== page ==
Rio Carnaval Parade Celebrating the Amazon Indians Leaves Big Farm Livid

Rio’s Carnaval festivities were threatened this year by a spat pitting a well-known parade troupe against Brazil’s powerful farmers.

Imperatriz Leopoldinense, one of the escolas de samba (samba clubs) that usually march in Rio de Janeiro’s glitzy Carnaval processions that kicked off February 24, honored the struggles of the Amazon and its native tribes with a parade featuring six giant floats and 2,800 dancers, musicians and other costumed celebrants.

“A Cry from the Jungle,” the name of the show, was presented this past Sunday and paid special attention to the world’s largest rainforest and the industrial and agricultural industries that help destroy it.

Marching to song lyrics lamenting the “bleeding heart of Brazil” and the “riches that greed destroys,” participants have donned vests with skulls and crossbones and pretended to spray pesticide. Others have wielded toy chainsaws and bundles of felled timber.

In December, Cahe Rodrigues, the designer responsible for the parade, traveled to the Xingu, an Amazon region named after a river whose shores are home to several tribes, including the Kayapo, whose culture inspired the theme. Raoni, a well-known Kayapo elder, even agreed to the parade.

“I wanted to make sure I got their clothing, their culture, just right,” sad Rodrigues, explaining that he did not want to make a caricature of the group.

“It’s gross and unfair,” responded Marcelo Eduardo Luders, president of Ibrafe, an association of Brazilian bean growers. “Millions of people will see this and could think twice about buying our exports.”

Imperatriz Leopoldinense ended up changing the name of one of its groups from “The Farmers and Their Agrotoxics” to “Misuse of Agrotoxics.”

The decision was taken after directors of the Brazilian Rural Association together with the president of Agriculture National Association, Antônio Alvarenga, met with the president of the escola de samba, Luiz Pacheco Drumond.

Fabelia Oliveira, a television presenter for a program about Brazilian agriculture, suggested that if Indigenous tribes want to be left alone they should go without modern medicine.

“They’ll have to die of malaria and tetanus and during childbirth,” she said, outraging Indigenous communities and native rights activists.

For Imperatriz, the controversy was a shock. “This is not about offending farmers,” says Rodrigues. “This is about the threats that native people and the environment face.”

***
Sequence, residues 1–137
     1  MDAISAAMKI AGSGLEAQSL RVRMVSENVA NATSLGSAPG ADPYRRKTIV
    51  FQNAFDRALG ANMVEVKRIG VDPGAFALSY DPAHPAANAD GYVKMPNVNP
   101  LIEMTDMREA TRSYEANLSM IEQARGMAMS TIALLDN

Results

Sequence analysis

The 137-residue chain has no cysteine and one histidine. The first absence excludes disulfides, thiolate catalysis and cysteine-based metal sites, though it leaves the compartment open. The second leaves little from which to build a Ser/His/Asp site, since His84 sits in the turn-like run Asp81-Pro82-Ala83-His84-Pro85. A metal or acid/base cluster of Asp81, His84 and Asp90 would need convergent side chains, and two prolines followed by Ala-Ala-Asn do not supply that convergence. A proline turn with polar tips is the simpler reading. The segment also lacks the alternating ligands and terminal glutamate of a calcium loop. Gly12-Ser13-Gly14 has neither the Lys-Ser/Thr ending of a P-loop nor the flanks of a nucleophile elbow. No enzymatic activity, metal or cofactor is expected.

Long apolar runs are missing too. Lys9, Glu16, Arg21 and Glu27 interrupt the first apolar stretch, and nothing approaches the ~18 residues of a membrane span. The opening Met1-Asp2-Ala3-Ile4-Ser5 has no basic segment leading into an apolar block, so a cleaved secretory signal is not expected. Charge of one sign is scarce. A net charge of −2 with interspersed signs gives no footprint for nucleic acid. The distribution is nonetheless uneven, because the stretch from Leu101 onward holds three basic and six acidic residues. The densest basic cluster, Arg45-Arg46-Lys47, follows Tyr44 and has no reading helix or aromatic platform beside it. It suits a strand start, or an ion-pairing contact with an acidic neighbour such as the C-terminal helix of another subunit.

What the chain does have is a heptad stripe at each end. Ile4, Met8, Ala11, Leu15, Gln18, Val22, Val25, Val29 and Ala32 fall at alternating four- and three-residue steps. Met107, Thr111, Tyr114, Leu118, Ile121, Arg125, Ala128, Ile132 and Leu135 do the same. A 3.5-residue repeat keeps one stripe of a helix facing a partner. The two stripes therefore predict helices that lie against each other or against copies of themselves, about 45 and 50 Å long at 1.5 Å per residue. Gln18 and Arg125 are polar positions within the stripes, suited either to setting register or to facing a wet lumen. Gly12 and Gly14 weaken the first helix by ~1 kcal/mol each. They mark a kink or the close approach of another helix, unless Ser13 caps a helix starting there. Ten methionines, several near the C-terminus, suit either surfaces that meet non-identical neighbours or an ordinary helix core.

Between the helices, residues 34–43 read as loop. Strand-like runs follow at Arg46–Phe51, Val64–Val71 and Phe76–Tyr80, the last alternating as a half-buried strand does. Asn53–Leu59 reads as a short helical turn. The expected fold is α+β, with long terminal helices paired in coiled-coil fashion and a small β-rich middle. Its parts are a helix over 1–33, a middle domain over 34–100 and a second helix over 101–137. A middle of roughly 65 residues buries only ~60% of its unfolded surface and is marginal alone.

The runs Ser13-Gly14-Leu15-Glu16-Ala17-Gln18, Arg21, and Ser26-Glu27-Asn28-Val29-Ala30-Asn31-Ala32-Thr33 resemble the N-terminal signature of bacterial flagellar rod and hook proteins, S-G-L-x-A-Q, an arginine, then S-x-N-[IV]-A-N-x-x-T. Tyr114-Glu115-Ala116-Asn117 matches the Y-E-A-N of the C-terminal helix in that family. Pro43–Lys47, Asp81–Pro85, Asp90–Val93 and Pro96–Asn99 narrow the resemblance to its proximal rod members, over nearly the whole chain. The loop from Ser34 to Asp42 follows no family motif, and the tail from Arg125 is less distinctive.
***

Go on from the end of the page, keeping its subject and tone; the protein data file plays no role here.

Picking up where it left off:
Brazil’s big farmers have become the world’s leading exporters of soybeans, beef, coffee and sugar, in part at the expense of deforested lands.

Political Touch

Imperatriz brought a soothing message to the mistreated soul of Brazil’s natives: “I am the forgotten son of the world. My heart is red in pain. I am the last immortal fighter – the true owner of this land.”

With its hit Carnaval performance “Xingu: A Cry from the Jungle,” the Imperatriz Leopoldinense samba school not only cut deep into the Brazilian heart, but also took on a political dimension.

Imperatriz is the first samba school to directly represent the rights of indigenous people – and in doing so, goes up against the farming industry. The song’s name derives from Xingu, an area of Brazil’s Amazon protected for the indigenous tribes living there and a point of contention between them and the country’s major landowners.

As agriculture expands for soy, rice and wheat production, tribes increasingly lose their native lands.


The Carnaval-themed protest captivated the public during the annual festival at Rio’s Sambadrome late Sunday night. “One of a kind and touching,” said Carnaval critic Thiago Barros. “Imperatriz hit it right on the nose.”

“Xingu: A Cry from the Jungle” was already causing a stir, in particular with representatives of the agriculture sector who feel it has been shown in a poor light.

“The issue has caused trouble for producers because it is based on a false impression of the sector,” the Association of Brazilian Farmers (SRB) said in a statement.

Brazil’s indigenous people are glad that “Xingu” has reawakened debate about the destruction of the Amazon, which is their home. “It’s good that white people remember us,” tribal chief Raoni Metuktire told Brazilian media.

The leader of the indigenous Kayapo traveled to Rio with 16 other natives to be part of the Carnaval parade. He sat in the last float and sang with the samba school. “Carnaval is a good opportunity to shed light on destruction threatening our reserve and demand respect.”

Belo Monte

Imperatriz presented a unique local history for the 70,000 Sambadrome onlookers. For many Brazilians, the story of Xingu national park, established 55 years ago as the largest protected area for indigenous Amazon tribes, is largely unknown.

The school’s performance also denounces a controversial hydroelectric dam being built on the Xingu River. It will be the fourth largest in the world upon completion in 2019 and may flood thousands of square kilometers of rainforest and farmland. Between 20,000 to 40,000 residents may have to be resettled.

At the Sambadrome, the Imperatriz school called the dam a “beautiful monster” and it leaves nothing to the imagination: “A beautiful monster steals the children from the land, devours forests and dries up rivers, greed has destroyed so much wealth.”

Meanwhile, Rio’s Carnaval is also courting controversy for the militarization of the festivities, as 9,000 soldiers were sent as back-up to Rio de Janeiro on Wednesday morning.

The forces, sent from the military, have been dispatched in some of the most touristic parts of the city, including the neighborhoods Copacabana, Ipanema and Leblon.

Army forces were requested by Rio Governor Luiz Fernando Pezão, who feared a strike from the military police as officers are demanding better work conditions and delayed wages to be paid.



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